Wednesday, April 28, 2021

A John Watson by any other name would . . . be quite different, really!

 Ah, John H. Watson. So many John Watsons out there, and so many Dr. Watsons, as any Google news search will let you know very quickly if you're searching for Watson news. John Watson comes in all sorts of shapes, sizes, and characters, and even Sherlockians are a lot more accepting of variations in their Watsons than their Sherlock Holmeses.

His name has a sort of "John Smith" common touch that helps make him the everyman who is easy to identify with as he narrates his surprise at the twists and turns of life with Sherlock Holmes. But have you ever stopped to wonder how different Watson would have been had Conan Doyle kept his original vision of the character and named him "Ormond Sacker."

Ormond Sacker is no John Watson.

Ormond Sacker is a weird little guy. He even sounds a bit rat-faced, and maybe more street-wise than John Watson. His Cockney girlfriend probably calls him "Ormy," and you don't grow up a "Sacker" without punching more than your share of folks.

While a name does not define us, names do influence who we become in subtle ways. If we could name one baby Ormond Sacker and on John Watson, and have them raised by identical parents, I'm betting they're going to be very different men once they grow to adulthood. The Victorian era was full of notable Watsons contributing to society, but has there ever been a famous Sacker?

Ormond Sacker might even be the most famous one, which is weird for a fictional character who doesn't appear in a single story. (Well, didn't appear . . . I'm sure Sherlock Holmes fans have fixed that at some point.) Unless "Orville Sacker" is more famous, thanks to The Adventure of Sherlock Holmes's Smarter Brother.

The word "sacker" means one who pillages, loots, and plunders, unless you're talking about American football or an HR firing specialist. "Ormond" hails back to an ancient Irish kingdom, a London children's hospital, or James Ormond an English/Irish/Scottish sea captain who worked for Spain to bring Franciscan settlers to Northern Florida. Ormond castles in both Scotland and Ireland are owned by families other than Ormonds. So "Ormond Sacker," literally sounds like one of the guys that came and took castles and kingdoms away from the original Ormond clan.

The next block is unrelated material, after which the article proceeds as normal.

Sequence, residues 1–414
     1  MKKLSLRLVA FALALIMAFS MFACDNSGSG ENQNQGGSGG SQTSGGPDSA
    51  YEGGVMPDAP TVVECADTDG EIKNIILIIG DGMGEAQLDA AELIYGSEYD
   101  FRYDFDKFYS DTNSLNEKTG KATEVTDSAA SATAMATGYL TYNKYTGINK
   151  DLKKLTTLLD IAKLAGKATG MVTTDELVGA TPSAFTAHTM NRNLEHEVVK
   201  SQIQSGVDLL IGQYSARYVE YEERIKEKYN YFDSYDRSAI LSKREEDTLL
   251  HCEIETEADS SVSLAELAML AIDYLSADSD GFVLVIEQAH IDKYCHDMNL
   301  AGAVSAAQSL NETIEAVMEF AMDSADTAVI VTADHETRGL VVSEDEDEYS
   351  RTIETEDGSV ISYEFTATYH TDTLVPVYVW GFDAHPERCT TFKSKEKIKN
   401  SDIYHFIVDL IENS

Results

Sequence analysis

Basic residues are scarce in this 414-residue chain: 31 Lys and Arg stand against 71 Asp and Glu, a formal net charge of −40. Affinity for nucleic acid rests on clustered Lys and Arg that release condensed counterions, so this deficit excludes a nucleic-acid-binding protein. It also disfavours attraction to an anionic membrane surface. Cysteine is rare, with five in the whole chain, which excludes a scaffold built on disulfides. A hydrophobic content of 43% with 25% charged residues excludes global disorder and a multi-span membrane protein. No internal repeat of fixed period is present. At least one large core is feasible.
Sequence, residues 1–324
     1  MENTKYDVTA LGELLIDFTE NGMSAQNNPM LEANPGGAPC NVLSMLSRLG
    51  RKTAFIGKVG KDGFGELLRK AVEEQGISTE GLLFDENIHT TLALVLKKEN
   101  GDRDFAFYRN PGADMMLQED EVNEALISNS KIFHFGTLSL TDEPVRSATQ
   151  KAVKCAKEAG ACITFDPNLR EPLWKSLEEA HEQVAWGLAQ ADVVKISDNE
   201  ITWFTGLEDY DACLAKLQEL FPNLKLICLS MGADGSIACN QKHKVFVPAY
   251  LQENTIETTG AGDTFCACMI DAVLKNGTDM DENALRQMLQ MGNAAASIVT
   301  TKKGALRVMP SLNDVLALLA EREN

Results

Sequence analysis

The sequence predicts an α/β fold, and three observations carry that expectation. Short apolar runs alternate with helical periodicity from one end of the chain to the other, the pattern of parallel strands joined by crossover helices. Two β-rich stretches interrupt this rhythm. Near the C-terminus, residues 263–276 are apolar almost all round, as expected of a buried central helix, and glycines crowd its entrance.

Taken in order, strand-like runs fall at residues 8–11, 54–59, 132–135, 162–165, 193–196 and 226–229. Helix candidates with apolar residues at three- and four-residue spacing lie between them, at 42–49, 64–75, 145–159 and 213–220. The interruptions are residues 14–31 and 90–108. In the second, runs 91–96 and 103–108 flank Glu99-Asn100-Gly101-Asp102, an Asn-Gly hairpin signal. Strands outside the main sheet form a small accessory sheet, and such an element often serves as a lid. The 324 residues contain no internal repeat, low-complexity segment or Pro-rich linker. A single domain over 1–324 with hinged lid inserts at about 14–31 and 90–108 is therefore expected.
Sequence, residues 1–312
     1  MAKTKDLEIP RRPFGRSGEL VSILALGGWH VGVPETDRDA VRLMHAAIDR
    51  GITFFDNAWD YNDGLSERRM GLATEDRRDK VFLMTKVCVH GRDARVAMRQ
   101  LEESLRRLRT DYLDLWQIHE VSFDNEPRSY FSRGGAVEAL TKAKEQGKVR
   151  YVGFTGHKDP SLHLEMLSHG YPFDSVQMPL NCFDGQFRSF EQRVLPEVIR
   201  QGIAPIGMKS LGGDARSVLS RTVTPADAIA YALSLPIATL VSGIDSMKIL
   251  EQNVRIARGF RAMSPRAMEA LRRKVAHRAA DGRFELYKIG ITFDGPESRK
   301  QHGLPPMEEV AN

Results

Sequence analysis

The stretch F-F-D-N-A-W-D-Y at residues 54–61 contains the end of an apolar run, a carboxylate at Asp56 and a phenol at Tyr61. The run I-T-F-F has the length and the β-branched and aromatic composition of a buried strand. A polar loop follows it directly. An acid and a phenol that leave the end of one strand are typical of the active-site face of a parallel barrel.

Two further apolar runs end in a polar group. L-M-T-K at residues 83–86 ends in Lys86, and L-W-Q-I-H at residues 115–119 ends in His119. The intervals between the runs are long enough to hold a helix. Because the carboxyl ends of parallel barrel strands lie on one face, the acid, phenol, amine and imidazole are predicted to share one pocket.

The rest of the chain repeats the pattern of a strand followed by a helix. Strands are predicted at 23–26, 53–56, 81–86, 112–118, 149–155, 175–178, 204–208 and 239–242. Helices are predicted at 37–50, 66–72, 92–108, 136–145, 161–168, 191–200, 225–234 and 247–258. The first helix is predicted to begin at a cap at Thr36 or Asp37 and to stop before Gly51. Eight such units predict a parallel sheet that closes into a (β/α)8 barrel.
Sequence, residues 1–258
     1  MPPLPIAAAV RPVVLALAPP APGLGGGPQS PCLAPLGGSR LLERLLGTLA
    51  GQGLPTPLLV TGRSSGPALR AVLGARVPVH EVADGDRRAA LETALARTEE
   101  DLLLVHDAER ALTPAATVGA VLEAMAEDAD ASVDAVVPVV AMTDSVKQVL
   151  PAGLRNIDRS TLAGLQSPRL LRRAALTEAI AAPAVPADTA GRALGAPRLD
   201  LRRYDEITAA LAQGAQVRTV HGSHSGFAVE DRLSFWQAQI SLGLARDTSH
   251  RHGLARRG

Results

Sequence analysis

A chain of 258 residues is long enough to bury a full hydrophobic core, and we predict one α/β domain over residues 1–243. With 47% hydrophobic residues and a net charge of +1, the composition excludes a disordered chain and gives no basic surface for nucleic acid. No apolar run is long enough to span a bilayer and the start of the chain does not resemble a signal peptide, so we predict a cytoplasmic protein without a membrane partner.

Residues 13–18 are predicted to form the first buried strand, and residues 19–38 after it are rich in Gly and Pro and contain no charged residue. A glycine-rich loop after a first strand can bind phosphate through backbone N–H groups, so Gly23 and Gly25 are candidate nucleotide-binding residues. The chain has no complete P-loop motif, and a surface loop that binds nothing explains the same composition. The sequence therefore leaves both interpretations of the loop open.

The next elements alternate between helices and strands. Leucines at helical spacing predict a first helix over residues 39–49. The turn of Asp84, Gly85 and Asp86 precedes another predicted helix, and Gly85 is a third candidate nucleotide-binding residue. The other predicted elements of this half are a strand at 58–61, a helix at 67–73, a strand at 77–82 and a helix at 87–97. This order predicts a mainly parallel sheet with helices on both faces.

This guy isn't sitting around Baker Street, nursing a war wound. He either found a cunning way to avoid service altogether or was killed in Afghanistan for liking the fight a little too much. And if we start getting into what pairing him with a Sherrinford Holmes would look like . . . why hasn't anyone done a book of short stories about those two? What fun working out that alternate universe and how different its encounters with the familiar clients and villains would be!

Just by the names alone. And for the record, I'm not sure a Watson by any other name would smell as sweet. But I'll leave the debate on Watson's bathing habits to the experts. (Oh, you're out there, you little devils. You're not fooling anyone.)

Thursday, April 22, 2021

When Conan Doyle flip-flopped a classic tale to get a crap one

 Our local library discussion group met tonight to discuss the dreaded "Three Gables," and, as always, I came away from that discussion with a few fresh perspectives on an old familiar tale. But this time, one of those thoughts fairly shocked me as the mental tumblers clicked into place.

The thing about "The Adventure of the Three Gables" is that in 2021, you're blinded by the story's outright racism right off the bat. The minstrel show thug Steve Dixie and the other characters' reactions to him are so awful that he eclipses everything else in that story -- like the sexism. A lot of "punching down" is going on in this tale, and even Watson takes a hit. And those aren't the only problems.

Over the years, many a Sherlockian has commented on the tale's plot being similar to "Red-Headed League" or "Three-Garridebs," being basically about a ruse to get someone out of their house to steal something. (Sure, the wealthy antagonist offers to just buy the whole house first, but, hey, close enough.) With those comparisons in mind, and the story's other issues, though, I never stopped to realize the story that "Three Gables" actually resembles.

"There was never a woman to touch her," Sherlock Holmes said of Isadora Klein, which puts one in mind of Holmes's former thoughts on Irene Adler . . . and how Adler's place in his mind may have faded with time, if it was what Watson thought it was even at its peak.

Is Isadora Klein another Irene Adler? Nope!

Isadora Klein is the King of Bohemia.

She has an upcoming marriage to a person of stature. She has an ex-lover who has something she doesn't want her intended's family to see. And she hires some burglars to get that thing back.

"The Adventure of the Three Gables" is a reverse "A Scandal in Bohemia."